Growing the Tangled Bank

Pharyngula / by PZ Myers /

Darwin is best known for natural selection, but he saw the power of chance and development, too.

Alison Schroeer

Charles Darwin fortuitously published his grand book, On the Origin of Species by Means of Natural Selection, or the Preservation of Favoured Races in the Struggle for Life, in 1859, which means that this year we celebrate the sesquicentennial of the idea and the bicentennial of the man. Despite the general enthusiasm for a party, the celebration puts scientists in a curious position: However influential and brilliant a scientist Darwin was, science does not thrive on idolatry, but on constant criticism and inspection. It tends to put a damper on the party when the guest of honor is also under the microscope.

Fortunately, Darwin’s accomplishments hold up surprisingly well for a scientist who worked 150 years ago, and whose field has since been revolutionized by remarkable progress in genetics, biochemistry, computer science, physiology, and microscopy, among other things. The average undergraduate student in the sciences has access to a wealth of technologies and concepts that no one imagined in Darwin’s day. Yet still, in Darwin’s work we find the seeds of whole disciplines and various broad perspectives in evolutionary history, which is why we honor him this year.

Darwin’s success as a biologist was in no small part due to his own talent and dedication; he was a meticulous scientist and an excellent observer with a strong network of colleagues. But he also had an unfair advantage: He was the first! He and Alfred Russell Wallace came up with a way of looking at the world that opened up new lines of research and productive ways of thinking, and Darwin in particular was prolific in writing down his ideas. Even now, as we mine his books, it’s tempting to imagine him as a prescient sage who laid out the future of the whole of biology. But I think it’s more appropriate to see him as a well-prepared mind receptive to the possibilities of his theory, and to recognize that the idea of evolution itself was so powerful that, in some sense, it created the intellectual capital that has benefited us all for more than a century.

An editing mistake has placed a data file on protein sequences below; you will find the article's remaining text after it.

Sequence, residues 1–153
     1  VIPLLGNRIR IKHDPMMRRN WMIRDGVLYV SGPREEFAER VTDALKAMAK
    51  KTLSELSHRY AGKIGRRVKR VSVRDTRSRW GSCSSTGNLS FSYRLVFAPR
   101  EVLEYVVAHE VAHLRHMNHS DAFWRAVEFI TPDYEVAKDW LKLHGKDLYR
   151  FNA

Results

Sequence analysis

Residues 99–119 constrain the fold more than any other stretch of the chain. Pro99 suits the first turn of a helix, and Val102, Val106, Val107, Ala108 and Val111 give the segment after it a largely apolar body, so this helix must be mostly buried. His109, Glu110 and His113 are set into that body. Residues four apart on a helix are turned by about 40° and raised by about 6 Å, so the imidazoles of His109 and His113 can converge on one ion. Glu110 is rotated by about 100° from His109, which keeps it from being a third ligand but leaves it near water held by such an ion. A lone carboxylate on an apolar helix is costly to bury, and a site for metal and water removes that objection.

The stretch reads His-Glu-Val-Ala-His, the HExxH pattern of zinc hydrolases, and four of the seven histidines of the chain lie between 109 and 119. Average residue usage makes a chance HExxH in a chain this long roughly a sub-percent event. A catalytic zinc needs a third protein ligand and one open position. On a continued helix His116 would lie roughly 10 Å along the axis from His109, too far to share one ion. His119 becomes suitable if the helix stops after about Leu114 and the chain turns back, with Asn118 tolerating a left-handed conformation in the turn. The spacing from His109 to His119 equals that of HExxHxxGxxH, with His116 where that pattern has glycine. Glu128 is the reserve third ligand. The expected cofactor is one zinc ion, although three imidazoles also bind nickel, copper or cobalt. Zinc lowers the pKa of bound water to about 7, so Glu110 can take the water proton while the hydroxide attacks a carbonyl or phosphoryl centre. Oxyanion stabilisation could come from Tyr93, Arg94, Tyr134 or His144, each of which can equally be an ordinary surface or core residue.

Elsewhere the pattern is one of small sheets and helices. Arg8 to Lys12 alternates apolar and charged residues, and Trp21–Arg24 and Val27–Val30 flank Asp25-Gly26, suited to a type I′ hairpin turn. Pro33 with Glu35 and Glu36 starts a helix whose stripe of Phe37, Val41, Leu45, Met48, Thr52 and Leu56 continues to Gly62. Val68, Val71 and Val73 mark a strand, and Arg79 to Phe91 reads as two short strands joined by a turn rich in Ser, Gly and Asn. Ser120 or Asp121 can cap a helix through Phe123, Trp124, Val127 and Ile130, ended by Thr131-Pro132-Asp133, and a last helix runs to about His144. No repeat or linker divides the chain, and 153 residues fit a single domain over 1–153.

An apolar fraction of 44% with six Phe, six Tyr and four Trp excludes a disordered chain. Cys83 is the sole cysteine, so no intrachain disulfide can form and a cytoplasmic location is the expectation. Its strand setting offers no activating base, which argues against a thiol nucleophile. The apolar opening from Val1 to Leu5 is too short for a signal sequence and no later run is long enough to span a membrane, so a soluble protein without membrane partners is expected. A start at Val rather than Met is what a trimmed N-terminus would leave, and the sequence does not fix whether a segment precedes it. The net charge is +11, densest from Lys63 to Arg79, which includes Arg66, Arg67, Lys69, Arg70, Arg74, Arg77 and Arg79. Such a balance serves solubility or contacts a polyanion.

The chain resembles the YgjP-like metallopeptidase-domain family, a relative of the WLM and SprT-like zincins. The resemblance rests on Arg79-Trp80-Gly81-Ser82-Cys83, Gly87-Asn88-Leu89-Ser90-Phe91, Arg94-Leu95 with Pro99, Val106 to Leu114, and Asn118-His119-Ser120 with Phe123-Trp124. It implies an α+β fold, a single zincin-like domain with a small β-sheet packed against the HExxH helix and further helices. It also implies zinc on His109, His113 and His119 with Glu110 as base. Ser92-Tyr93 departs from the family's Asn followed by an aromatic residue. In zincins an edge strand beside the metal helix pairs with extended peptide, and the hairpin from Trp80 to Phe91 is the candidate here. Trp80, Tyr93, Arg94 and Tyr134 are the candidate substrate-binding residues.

I learned about one excellent example of Darwin’s foresight in a recent talk by John Beatty, of the University of British Columbia. Darwin’s name is usually associated with a few evolutionary processes: Darwinian evolution tends to refer specifically to natural selection, and we usually think of Darwin’s chief insights as natural and sexual selection. But he was well aware of the importance of chance and historical contingency in constraining biological solutions, and he also repeatedly mentions the significance of embryology. These themes are beautifully illustrated in his work on orchids, known by the unwieldy title On the Various Contrivances by Which British and Foreign Orchids Are Fertilized by Insects. As usual, Darwin found deep insights while looking into seemingly narrow questions.

Orchids are beautiful and diverse, and the source of their aesthetic appeal lies in the plants’ elaborate flowers. To the flower, of course, the “goal” of these petals isn’t to become a corsage or an attractive centerpiece, but to draw in pollinators and sprinkle them with pollen, which is then carried to other orchids of the same species. One of the best-known instances of a prediction of purely Darwinian evolution was the analysis of the Madagascar star orchid, a flower with a foot-long tube containing nectar. Darwin predicted that there would be an insect with a proboscis of a matching length, which turned out to be true: Morgan’s sphinx moth. The two were the product of an evolutionary arms race, in which variants of the orchid that had slightly longer nectaries were more successful at drawing the pollinator more deeply into the flower for dusting with pollen, while the insect was evolving a longer proboscis to avoid the inconvenience of the same situation. This is natural selection in the strictest sense, in which organisms are in a generation-by-generation competition to better survive in the environment.